China is also highly sensitive to perceived slights from the Japanese government, individuals and companies. However, official outrage over history has diminished somewhat, while China’s political, economic and cultural rivalry with the United States and European democracies has increased in recent years. When it comes to the flag, it’s clearly less sensitive in China than in South Korea.
Use at the Games
On July 17, when South Korea removed banners at the Olympic athletes’ village in Tokyo that the International Olympic Committee ruled to be provocative, Seoul said it received an IOC promise that the displaying of the “rising sun” flag would also be banned at stadiums and other Olympic venues.
But South Korean media later reported that some activists carried the “rising sun” flag near the athletes’ village. Media reports also said Japan’s organizing committee ruled that the flag wasn’t banned inside Olympic stadiums.
“It would be inappropriate to ban the flag from naval exchanges because a version is used by the Japanese Maritime Self-Defense Forces,” Leif-Eric Easley, a professor at Ewha University in Seoul, said. “However, you would not expect the Tokyo Olympics hosts or Japanese athletes to use the ‘rising sun’ emblem because it is not the national flag.”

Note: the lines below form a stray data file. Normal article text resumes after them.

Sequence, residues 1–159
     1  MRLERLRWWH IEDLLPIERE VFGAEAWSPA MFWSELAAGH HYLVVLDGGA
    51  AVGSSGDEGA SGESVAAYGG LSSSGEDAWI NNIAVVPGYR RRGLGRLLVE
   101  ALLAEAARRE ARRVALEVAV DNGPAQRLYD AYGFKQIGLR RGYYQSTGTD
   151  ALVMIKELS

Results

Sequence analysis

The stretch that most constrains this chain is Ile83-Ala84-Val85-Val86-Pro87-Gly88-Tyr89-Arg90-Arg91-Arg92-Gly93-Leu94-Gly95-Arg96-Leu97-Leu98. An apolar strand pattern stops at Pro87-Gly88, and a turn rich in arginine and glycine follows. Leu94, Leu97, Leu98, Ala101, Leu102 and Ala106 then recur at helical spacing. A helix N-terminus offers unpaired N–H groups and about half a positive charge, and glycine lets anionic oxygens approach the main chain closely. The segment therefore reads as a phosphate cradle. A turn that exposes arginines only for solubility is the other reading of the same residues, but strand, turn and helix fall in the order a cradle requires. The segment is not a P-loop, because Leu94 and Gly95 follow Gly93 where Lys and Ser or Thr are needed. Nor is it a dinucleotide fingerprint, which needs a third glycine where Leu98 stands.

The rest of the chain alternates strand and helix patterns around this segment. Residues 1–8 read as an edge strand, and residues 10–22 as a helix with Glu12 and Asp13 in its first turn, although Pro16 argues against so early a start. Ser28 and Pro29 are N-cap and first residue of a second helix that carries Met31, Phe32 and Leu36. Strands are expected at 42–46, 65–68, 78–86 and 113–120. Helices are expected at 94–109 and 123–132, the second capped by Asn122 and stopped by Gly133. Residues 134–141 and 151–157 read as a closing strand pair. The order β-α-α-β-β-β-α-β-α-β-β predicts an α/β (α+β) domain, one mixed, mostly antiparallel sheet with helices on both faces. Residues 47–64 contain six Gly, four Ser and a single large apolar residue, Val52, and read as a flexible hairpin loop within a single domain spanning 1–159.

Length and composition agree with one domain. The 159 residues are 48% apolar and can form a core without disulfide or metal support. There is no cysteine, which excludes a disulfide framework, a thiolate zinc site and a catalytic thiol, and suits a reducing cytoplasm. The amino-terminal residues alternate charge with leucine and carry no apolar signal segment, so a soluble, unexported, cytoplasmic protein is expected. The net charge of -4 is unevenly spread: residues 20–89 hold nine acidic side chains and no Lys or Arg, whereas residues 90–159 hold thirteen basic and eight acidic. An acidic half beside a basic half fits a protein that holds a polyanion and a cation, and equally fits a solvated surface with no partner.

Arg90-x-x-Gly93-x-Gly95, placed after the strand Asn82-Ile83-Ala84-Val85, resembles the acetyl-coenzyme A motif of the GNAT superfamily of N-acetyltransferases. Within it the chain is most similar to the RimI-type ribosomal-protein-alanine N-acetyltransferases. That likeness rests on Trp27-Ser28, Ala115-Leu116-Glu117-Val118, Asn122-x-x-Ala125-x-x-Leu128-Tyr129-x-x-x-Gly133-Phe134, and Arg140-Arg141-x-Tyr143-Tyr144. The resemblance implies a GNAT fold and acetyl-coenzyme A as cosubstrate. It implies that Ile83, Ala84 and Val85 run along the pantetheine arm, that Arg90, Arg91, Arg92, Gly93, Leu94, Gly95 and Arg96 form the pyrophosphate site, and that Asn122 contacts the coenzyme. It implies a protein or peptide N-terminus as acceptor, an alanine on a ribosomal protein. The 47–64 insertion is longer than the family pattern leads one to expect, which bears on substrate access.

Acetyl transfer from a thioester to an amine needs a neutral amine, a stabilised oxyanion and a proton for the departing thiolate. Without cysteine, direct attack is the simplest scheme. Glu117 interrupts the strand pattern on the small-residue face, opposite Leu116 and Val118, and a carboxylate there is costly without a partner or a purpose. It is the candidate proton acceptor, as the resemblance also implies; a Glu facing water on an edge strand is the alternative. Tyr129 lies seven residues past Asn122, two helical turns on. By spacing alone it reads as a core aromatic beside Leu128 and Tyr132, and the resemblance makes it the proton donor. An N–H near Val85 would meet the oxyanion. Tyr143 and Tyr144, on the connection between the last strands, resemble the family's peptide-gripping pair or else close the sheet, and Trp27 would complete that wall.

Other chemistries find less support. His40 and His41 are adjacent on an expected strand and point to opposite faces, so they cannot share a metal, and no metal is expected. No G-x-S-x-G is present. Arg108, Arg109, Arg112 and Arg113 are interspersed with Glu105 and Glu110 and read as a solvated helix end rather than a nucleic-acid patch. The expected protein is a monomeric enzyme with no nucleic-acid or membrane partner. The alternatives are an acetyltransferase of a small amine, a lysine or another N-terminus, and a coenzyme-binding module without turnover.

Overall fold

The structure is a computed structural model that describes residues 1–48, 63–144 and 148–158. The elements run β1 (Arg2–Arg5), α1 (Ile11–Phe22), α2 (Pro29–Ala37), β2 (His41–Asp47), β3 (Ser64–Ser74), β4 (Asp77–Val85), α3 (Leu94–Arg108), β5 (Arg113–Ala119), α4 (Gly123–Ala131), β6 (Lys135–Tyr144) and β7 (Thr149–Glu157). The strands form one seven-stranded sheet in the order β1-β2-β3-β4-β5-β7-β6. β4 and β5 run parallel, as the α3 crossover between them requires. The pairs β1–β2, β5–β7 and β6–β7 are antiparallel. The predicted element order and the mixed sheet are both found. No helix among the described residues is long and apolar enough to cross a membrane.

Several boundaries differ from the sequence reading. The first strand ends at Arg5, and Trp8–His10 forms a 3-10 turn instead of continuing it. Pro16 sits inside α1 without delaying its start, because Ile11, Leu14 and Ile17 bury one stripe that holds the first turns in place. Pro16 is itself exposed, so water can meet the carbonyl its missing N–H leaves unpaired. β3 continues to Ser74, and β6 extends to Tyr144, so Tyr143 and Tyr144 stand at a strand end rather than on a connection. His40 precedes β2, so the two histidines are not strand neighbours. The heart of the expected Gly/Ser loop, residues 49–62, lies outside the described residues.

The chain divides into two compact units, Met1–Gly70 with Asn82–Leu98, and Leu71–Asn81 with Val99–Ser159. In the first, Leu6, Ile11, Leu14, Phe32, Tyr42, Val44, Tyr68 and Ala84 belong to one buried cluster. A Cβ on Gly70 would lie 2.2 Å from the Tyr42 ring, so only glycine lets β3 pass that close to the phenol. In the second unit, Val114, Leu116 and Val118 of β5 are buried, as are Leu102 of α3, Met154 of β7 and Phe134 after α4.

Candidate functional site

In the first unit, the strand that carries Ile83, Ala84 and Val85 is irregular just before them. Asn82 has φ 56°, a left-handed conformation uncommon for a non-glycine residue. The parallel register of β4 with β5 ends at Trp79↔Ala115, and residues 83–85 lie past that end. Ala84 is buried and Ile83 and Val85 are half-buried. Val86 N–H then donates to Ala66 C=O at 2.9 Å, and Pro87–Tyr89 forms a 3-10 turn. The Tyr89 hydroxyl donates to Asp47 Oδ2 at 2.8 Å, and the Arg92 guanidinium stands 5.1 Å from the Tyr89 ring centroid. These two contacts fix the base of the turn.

Ties between Seoul and Tokyo, both U.S. allies, have suffered for years in part because of disputes over history and trade.
South Korean President Moon Jae-in’s office announced Monday that Moon had decided not to visit Japan for the Olympics because the two countries failed to find enough common ground to support a leaders’ summit.
Will this get worse?
Some experts say the flag dispute isn’t as serious as other points of contention, such as Japan’s wartime subjection of Koreans to sexual slavery or forced labor, and probably won’t worsen ties.
The flag dispute can still flare, however, if anger among anti-Japan civic groups in South Korea draws a backlash among the Japanese public, said Lee Myon-woo, deputy head of the private Sejong Institute near Seoul. Lee said South Korea should refrain from a “too-excessive political interpretation” of the flag because there is no sign that Japan is reviving past militarism.
But Bong Youngshik, a research fellow at Yonsei University Institute for North Korean Studies, said the flag wouldn’t have become a major issue if Japan had accepted its neighbors’ demands for making a more “sincere apology” over its wartime abuse.
The dispute may not have much kindling to fuel it for one key reason: The lack of spectators at nearly all Olympics venues means that no one will be waving that flag — so the dispute may die down for the time being.